This section applies to scenarios in which your client application is distributed and installed at your customer's premises. This can be a desktop or web app.
If your application can work in offline mode (usually desktop apps), even temporarily, then it is imperative to locally save license data, which is the content of the last successful heartbeat, in a .json file. The digital signature of this content/file should also be saved in order to prevent malicious manipulation of this data.
Saving this content, gives you flexibility in offline scenarios.
*Our NuGet package provides this functionality out of the box.
FREERIDE - FAILED HEARTBEATS
In the event of a failing heartbeat, you normally do not want to restrict software access immediately.
Instead, you should notify the user and ensure that the problem can be remedied (e.g., by going online), within a reasonable amount of time.
Freeride (an edition property) comes into play for such scenarios. Regardless of the failure reason, the freeride period allows the user to continue using the software and until it is finally locked. If a heartbeat succeeds during the freeride period, everything returns to its normal state.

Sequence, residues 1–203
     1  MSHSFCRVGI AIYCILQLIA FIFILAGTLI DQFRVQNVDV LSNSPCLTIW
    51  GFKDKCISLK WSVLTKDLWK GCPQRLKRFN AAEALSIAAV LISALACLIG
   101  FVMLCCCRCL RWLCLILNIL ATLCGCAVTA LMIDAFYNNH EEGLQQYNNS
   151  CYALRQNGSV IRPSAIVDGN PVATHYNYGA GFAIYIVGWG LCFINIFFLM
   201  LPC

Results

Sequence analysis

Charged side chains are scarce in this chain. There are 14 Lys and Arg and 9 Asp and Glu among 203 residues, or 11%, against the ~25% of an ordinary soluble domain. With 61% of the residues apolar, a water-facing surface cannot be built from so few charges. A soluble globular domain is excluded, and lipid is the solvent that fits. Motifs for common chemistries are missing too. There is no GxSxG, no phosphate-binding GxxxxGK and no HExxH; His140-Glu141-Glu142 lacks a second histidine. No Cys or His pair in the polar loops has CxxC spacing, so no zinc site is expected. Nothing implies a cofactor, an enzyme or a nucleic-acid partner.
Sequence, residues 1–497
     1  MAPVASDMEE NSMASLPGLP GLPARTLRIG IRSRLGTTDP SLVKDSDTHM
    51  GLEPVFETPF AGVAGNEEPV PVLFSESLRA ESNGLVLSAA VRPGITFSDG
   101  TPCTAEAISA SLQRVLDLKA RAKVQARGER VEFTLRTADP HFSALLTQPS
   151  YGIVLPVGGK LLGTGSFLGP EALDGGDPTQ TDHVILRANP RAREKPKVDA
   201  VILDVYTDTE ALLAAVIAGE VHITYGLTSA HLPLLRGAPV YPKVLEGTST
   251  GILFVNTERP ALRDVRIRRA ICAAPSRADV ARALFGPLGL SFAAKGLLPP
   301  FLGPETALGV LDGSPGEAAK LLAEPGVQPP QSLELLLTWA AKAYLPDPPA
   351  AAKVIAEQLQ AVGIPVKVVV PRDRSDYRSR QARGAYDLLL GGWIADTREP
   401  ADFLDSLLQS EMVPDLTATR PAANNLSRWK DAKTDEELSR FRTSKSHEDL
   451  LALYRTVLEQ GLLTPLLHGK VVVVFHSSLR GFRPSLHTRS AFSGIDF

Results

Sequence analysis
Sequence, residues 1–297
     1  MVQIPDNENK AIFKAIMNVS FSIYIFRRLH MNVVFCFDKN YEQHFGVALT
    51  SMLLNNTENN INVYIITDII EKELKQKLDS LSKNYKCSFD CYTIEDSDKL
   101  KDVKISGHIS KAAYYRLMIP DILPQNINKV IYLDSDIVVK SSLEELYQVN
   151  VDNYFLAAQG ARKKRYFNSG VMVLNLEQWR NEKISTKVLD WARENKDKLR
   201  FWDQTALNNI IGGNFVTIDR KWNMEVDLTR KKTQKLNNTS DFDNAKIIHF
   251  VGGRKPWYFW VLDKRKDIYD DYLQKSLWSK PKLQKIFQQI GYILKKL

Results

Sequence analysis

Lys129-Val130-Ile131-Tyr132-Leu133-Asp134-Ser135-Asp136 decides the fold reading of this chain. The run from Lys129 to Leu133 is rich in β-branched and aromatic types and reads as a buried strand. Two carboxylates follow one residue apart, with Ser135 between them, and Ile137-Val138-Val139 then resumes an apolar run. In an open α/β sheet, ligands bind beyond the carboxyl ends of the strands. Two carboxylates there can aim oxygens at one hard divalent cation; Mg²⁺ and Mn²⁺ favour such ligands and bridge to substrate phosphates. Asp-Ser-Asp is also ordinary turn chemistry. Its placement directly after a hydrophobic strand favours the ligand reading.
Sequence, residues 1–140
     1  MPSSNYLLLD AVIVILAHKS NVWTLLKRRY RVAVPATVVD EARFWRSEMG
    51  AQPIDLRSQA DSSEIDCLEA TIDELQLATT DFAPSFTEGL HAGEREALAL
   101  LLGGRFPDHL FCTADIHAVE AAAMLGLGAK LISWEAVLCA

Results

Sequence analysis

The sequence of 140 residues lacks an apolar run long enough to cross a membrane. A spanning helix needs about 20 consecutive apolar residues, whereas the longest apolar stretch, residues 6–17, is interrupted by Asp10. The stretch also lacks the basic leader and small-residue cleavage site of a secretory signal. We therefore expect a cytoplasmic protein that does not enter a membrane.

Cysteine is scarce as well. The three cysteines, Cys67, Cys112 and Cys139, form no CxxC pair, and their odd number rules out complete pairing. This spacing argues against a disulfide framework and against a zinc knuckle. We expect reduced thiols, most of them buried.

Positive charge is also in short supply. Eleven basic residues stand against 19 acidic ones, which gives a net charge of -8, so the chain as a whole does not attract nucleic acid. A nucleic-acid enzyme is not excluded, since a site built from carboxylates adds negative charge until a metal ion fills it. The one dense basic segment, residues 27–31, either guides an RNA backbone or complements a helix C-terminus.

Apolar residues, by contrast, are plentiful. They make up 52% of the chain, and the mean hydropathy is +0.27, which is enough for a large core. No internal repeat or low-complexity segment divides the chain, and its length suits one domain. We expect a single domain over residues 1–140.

Example: Let’s assume that you have set your license’s heartbeat period to 1 day, and the freeride period to 7 days. This means that the client is going to generate a heartbeat every 24 hours. If the heartbeat fails, the software continues to work normally for the following 7 days, during which a heartbeat must succeed for the cycle to be reset.
*Our NuGet package provides this freeride functionality out of the box.
It is paramount that secrets such as the ProvisioningKey or the EncryptionKey are securely saved within your application. Best practices concerning secret management vary depending on the operating system and/or programming language. However, some basic principles apply.
Embedding secrets directly in the application's source code should be avoided at all costs.
USING ENVIRONMENT VARIABLES
The most common approach to keep secrets out of the source code is to use environment variables. This is a very simple approach that should work for most server-based applications, which means if you have only one physical installation of your application, managed by you. If your application is installed on your end-customer's premises (e.g., classical desktop apps), this approach is not recommended, since they are stored unencrypted, and thus their values can still be accessed if your system is seriously compromised.